Before taking any supplement, you should talk to your doctor and make sure it’s necessary and poses no health risk.
Natural Remedies that May Help Prostate Cancer
There are a number of natural remedies that may help prevent prostate cancer. Many natural remedies also have other health benefits that can improve wellness and quality of life. Some natural remedies are also capable of slowing the spread of prostate cancer, or increasing recovery prospects.
What follows is some brief information on some of the most popular natural remedies that may help prostate cancer.
● Antioxidants – Antioxidants protect cells from free radicals, which steal electrons from other cells in the body in an attempt to heal themselves. This process creates more free radicals and causes damage to DNA that can eventually lead to cancer. You can increase your antioxidant intake by eating more greens, vegetables, and fruits. Popular supplements that boost antioxidant levels are Vitamin E and C.
● Reducing Inflammation – Some studies indicate that inflammation contributes to cancer and other health problems. Processed foods and hydrogenate oils contribute to inflammation, so foods like this should be avoided. Supplements that may help with inflammation include Omega 3 fatty acids, curcumin, and quercetin.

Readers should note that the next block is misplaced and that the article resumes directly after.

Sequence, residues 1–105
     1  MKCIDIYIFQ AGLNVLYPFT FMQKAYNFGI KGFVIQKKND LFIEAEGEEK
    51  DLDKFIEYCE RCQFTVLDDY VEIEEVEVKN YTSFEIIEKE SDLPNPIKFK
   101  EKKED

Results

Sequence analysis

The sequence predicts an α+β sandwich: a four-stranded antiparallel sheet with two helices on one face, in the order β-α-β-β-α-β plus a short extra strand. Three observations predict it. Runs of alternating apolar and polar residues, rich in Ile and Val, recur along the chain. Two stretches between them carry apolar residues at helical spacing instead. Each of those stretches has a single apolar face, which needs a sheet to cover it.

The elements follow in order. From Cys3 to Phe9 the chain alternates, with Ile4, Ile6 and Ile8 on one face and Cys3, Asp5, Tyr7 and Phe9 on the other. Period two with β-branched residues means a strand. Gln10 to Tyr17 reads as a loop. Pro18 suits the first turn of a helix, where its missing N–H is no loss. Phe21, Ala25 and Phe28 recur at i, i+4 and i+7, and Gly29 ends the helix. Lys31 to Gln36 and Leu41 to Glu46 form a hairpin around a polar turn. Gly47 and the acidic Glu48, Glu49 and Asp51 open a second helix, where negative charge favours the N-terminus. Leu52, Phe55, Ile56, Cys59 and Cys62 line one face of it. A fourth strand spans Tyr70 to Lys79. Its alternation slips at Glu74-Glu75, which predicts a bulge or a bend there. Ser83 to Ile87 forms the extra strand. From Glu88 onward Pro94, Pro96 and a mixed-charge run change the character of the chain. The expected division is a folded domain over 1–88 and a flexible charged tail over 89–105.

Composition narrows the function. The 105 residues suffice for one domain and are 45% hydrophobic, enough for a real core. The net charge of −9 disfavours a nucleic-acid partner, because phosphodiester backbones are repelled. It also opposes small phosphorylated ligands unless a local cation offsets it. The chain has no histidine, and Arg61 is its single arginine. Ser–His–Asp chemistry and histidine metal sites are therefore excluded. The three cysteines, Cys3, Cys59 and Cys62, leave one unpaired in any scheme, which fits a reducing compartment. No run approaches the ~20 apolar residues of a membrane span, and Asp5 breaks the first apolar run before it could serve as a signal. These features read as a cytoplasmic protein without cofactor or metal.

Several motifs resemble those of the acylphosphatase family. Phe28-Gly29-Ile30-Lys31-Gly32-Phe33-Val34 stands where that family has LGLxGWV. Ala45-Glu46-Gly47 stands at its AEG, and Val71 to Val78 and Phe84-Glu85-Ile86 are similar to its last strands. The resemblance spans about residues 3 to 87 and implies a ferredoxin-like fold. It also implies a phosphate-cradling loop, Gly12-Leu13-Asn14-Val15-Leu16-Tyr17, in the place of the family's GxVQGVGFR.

● Detoxification – Another popular home remedy that may help prostate cancer is detoxification, or the process of releasing harmful toxins that are stored in our body. The goal is to release toxins without causing any damage, which is accomplished by sweating, regular bowel movements, exercise, and a healthy diet.
● Limit Exposure to Environmental Toxins that Contribute to Prostate Cancer – There are a number of ways to ingest or absorb substances that can damage the body and make it more susceptible to prostate cancer. Pesticides, cadmium, meat, and environmental estrogen from plastics and farm-raised fish can all contribute to poor health and should be avoided.
● Mainstream Cancer Therapies – One natural remedy is to avoid mainstream treatment protocols like chemotherapy since they weaken the immune system.
● Consuming Cancer Killing Substances – Some people claim that certain chemicals found in various herbs and vitamins are capable of killing cancer cells. Many of these treatments are controversial and supported only by colloquial evidence, so you should always weigh treatment options from an educated perspective.
If you have any questions or concerns about prostate cancer or treatment, schedule a free consultation at Causenta Cancer Treatment Center today.